I was reading an article recently and, according to the Advertising Bureau’s annual report, Facebook saw its year-on-year display advertising rocket by 27.5% in 2010. This now means that Facebook accounts for almost 25% of the UKs online advertising revenues which stand at £4b. Research in advertising trends now shows that £1 in every £4 spent on marketing and advertising by British companies is spent online.
After reading the article online, I continued down the page (as I always do, but by now should know better) to read the various comments posted in response. I was amazed by the rancour aimed at people who had ever dare click on an advertisement – and also the level of superiority of those who had resisted the advertisers best attempts at luring them in.
There were literally 100’s of posts from the ‘morally superior’ describing people that click on ads as morons.
Here’s the thing. I am not defending online advertising as I often find it irritating and, as a fairly heavy internet user, don’t recall clicking on an adertisement to further my interest in any product or service. As a marketer I have not invested much in online advertising as campaign ROMI has been achieved by using other elements of my communications mix – although I wouldn’t rule it out as in the words of Richard V Benson “There are only two rules in direct marketing. Rule 1: test everything. Rule 2: Refer to Rule 1″ A maxim that should be applied to both the message and medium in my opinion.
However I don’t view the people clicking on advertisements any lower in class, social standing or brain power than me. However I do hold the view that people making such derogatory comments are pompous twats – who spell their anti-commercial/capatalist revolutions with a very small r.
The thing that really irritates me with this smug bunch is that they don’t seem to appreciate that 100s of online services, including Facebook, are paid for by ‘dirty advertisers’. I would be very interested to see just how high their morale ground is, and deep their pockets are, should Facebook and others start charging say, £300 a year, for the privilege of having an advertisement free service!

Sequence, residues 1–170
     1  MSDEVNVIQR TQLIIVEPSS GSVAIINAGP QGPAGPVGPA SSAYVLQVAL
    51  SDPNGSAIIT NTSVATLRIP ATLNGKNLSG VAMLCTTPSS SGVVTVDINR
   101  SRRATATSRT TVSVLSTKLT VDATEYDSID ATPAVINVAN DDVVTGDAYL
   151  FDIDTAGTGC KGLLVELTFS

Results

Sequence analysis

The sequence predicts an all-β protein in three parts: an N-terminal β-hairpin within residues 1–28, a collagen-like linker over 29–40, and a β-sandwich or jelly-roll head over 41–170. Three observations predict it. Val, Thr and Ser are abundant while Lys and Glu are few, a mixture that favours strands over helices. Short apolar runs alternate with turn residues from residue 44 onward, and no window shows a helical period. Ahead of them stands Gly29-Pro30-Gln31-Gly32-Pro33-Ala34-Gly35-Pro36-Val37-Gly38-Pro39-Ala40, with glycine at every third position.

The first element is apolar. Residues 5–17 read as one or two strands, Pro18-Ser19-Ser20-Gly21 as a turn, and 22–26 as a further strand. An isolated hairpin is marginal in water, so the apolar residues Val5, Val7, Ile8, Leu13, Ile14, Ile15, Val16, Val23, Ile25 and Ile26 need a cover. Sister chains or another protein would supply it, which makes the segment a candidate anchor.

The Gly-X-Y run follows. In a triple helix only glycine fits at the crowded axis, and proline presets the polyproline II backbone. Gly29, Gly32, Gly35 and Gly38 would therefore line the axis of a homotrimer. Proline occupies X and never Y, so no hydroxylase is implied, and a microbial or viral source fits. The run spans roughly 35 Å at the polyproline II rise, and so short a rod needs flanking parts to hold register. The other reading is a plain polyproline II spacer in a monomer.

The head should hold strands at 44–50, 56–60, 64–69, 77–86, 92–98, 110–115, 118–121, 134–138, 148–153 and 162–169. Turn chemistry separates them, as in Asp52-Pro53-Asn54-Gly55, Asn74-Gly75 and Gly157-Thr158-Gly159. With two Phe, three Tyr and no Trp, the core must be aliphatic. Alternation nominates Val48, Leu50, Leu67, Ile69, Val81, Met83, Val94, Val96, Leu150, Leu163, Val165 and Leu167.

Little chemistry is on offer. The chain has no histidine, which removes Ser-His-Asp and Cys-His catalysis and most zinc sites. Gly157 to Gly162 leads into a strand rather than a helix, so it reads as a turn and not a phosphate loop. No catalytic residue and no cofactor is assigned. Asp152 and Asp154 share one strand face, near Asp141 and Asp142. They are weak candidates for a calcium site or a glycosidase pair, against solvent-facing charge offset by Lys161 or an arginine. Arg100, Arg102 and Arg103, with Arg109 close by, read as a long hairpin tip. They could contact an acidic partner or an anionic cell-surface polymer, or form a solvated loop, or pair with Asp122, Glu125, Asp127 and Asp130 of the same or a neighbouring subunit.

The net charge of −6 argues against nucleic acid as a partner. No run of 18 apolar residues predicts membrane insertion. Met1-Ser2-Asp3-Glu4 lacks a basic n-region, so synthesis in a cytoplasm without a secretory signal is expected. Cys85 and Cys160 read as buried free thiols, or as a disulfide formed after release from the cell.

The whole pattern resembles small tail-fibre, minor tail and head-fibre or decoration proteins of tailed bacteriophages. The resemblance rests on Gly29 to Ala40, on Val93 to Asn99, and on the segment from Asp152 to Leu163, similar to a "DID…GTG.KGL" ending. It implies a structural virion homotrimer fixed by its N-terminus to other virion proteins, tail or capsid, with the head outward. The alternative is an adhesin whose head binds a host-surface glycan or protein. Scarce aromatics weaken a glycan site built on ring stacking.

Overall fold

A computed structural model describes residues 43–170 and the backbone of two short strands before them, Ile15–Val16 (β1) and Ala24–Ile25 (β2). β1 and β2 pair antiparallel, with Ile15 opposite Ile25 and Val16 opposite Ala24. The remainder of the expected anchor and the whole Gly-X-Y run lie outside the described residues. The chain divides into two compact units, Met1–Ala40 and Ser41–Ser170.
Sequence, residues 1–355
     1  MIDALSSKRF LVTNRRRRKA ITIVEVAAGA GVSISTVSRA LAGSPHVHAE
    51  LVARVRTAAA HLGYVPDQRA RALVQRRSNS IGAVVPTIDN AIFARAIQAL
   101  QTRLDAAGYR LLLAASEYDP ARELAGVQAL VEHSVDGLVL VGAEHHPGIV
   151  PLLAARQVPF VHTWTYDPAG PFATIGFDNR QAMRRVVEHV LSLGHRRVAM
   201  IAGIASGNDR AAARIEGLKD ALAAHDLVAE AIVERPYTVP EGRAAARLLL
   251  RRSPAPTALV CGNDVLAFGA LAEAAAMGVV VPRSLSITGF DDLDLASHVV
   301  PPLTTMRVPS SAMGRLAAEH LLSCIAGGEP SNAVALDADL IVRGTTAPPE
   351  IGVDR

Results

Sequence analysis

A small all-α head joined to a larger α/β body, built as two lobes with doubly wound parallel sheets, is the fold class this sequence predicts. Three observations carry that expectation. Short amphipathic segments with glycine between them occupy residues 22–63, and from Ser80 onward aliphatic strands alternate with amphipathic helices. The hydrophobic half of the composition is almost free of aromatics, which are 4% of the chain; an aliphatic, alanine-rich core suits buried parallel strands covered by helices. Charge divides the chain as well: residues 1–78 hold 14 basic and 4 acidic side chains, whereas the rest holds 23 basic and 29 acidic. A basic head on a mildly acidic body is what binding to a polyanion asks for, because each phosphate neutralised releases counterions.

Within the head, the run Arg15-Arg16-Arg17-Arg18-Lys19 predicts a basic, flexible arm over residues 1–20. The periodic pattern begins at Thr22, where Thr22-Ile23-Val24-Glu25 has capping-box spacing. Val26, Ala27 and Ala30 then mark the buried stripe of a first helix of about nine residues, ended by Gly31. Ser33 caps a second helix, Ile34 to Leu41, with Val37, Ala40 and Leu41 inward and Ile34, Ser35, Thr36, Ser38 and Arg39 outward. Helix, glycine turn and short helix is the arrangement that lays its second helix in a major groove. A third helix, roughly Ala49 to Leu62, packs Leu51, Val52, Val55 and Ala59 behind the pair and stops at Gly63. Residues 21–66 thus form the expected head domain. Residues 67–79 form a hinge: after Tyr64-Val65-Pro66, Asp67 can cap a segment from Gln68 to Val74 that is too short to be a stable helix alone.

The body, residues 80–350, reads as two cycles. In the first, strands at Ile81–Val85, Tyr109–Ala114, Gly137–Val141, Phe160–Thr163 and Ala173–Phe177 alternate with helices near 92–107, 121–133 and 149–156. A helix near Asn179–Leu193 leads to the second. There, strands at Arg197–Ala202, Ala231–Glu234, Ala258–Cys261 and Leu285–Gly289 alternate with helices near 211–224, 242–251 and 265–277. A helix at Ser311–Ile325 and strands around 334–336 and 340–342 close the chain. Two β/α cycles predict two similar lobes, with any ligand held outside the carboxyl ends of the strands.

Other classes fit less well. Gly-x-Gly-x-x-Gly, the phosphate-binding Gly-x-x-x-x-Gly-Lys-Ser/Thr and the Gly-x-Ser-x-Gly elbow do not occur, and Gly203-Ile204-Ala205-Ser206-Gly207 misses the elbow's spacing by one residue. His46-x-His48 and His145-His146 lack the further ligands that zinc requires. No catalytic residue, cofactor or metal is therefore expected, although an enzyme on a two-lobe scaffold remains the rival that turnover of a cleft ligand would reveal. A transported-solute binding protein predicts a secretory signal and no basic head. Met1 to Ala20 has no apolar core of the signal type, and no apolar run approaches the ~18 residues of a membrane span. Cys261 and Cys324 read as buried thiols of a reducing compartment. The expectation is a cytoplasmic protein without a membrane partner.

I was discussing the topic of my first ever blog post with a marketing colleague of mine this morning – the fact I think the Halifax ISA Baby TV advertisement is tosh of the highest order. However she made a very good point and one that marketing, and particularly advertising folk, forget all too often. That is, it doesn’t really matter what I think of the advertisement. All that counts for the Halifax is how successful the advertising campaign has been at generating enquires for its ISA products. In the words of advertising copywriting guru Bob Bly
“The goal of advertising is not to be liked — it is to sell products. The advertiser, if he is smart, doesn’t care whether people like his commercials or are entertained or amused by them. Commercials are a means to an end, and the end is increased sales — and profits — for the advertiser”
Based on Bob’s quote I guess you can be assured that, if the Halifax processing department is currently knee deep in applications, the ISA Baby advertisement won’t be the last incarnation of their dreadful mock radio show campaign!!!!!!!!